Credit Scoring and Data sharing
Credit scoring is the system most major banks and finance companies use when considering applications for borrowing. It takes account of information you provide in your application, any information the lender may already have about you, and any information they may get from other organisations, such as credit reference or fraud-prevention agencies. When lenders use information from other organisations, they will tell you who they are.
The credit-scoring system awards points for each piece of relevant information and adds these up to produce a score. If your score reaches a certain level, a lender will generally accept your application. If your score does not reach this level, they may not accept your application.
A lender may sometimes use scores worked out by credit reference agencies.
Each lender uses their own scoring system to evaluate risk, but they tend to use factors such as the length of time you have been in a job, home ownership, length of time at your current address, your age group and so on.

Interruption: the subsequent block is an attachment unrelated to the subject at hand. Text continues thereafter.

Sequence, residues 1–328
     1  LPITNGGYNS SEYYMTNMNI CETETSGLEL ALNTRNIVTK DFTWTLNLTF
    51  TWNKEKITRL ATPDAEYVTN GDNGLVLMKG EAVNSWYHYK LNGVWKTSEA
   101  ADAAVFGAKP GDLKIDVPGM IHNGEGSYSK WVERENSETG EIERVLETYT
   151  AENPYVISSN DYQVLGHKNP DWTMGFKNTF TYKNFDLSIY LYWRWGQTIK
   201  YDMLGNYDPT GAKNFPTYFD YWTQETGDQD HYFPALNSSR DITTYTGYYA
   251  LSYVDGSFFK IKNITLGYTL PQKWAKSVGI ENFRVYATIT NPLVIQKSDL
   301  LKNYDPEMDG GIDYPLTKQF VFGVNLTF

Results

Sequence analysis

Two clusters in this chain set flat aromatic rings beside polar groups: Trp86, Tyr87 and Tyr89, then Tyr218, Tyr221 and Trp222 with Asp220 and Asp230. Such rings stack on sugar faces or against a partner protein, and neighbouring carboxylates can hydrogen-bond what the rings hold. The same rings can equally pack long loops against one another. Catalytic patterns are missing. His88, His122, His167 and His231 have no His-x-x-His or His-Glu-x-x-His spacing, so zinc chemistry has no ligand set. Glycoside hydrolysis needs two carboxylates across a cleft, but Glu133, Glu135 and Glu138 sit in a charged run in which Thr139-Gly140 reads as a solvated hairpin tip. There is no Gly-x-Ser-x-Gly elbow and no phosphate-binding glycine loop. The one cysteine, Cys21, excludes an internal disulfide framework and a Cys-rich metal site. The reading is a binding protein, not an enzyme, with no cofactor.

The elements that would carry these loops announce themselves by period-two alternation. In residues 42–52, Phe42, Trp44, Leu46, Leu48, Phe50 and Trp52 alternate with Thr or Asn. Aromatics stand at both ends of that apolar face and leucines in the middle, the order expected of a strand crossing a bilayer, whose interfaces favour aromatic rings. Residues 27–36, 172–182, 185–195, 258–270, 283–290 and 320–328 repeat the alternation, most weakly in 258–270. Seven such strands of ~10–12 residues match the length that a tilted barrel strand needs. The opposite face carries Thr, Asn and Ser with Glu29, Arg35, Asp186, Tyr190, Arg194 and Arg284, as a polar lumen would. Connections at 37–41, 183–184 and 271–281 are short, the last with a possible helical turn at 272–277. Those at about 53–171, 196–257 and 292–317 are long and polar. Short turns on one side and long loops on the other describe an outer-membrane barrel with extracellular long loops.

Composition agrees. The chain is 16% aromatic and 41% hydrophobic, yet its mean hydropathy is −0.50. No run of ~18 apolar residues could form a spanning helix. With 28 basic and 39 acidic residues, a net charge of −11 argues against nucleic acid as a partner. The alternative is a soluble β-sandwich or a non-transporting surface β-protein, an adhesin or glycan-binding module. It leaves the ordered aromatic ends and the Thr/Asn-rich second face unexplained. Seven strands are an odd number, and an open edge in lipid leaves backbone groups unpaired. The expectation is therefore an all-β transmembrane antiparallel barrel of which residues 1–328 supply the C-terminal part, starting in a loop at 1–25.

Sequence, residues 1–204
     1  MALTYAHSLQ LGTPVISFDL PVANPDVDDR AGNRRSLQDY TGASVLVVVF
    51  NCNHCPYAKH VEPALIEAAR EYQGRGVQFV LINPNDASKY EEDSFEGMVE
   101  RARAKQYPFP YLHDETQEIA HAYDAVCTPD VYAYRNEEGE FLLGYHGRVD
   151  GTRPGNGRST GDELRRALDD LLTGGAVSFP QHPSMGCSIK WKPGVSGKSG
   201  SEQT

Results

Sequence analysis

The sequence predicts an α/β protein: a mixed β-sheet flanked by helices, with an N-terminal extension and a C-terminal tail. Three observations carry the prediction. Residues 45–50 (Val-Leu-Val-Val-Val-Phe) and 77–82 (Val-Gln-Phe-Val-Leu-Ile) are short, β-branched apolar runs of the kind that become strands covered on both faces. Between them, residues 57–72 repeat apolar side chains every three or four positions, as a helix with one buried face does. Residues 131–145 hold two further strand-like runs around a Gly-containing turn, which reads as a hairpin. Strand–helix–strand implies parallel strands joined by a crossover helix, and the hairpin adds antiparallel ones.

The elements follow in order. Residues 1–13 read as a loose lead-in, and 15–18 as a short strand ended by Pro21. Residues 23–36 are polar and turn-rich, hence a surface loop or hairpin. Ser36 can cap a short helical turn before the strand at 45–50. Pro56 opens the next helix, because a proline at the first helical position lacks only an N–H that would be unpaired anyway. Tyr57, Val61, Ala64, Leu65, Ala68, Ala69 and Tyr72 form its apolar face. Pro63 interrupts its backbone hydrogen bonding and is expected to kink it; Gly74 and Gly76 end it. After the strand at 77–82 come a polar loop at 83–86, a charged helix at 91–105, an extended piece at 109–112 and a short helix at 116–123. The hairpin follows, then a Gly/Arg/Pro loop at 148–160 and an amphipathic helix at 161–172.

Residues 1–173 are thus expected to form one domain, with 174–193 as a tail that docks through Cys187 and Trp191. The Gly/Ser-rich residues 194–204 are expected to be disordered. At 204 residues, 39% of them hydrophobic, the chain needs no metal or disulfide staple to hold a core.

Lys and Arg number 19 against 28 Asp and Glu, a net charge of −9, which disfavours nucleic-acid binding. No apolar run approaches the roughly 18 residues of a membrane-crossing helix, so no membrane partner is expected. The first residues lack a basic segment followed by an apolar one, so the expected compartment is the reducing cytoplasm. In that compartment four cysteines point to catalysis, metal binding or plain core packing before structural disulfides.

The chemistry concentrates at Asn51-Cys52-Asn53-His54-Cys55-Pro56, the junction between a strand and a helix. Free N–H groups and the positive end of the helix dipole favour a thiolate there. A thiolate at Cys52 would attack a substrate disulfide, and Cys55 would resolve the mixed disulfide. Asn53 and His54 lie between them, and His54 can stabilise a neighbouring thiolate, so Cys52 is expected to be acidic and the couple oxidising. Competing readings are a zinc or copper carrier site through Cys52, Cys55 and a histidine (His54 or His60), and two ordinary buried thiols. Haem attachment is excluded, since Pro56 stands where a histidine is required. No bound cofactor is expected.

Credit scoring produces consistent decisions and is designed to make sure that all applicants are treated fairly.
The process is closely regulated by the Financial Services Authority.
Finance companies share information on credit agreements with other lenders, using credit reference agencies (CRAs), to be able to make responsible lending decisions and avoid fraud.
The FLA is keen to see an increase in controlled data sharing because we believe it can help to prevent over indebtedness and fraud.
For example, we have long campaigned for access to student loan data to help students build up a credit history. A more complete picture would also be available if utility companies were to share their data.
Although it makes good sense to share information, it is not possible in many instances. In the past, some lenders had not foreseen the widespread sharing of data or had not planned to share data via the CRAs, so had not informed customers in their ‘fair processing’ notices of an intention to do so. The Data Protection Act 1998 now prevents them from sharing data relating to such customers.
Because some types of account, such as credit cards, can remain open for decades, even lenders who have shared data for years may have significant numbers of accounts blocked from data sharing. So only newer credit data is shared.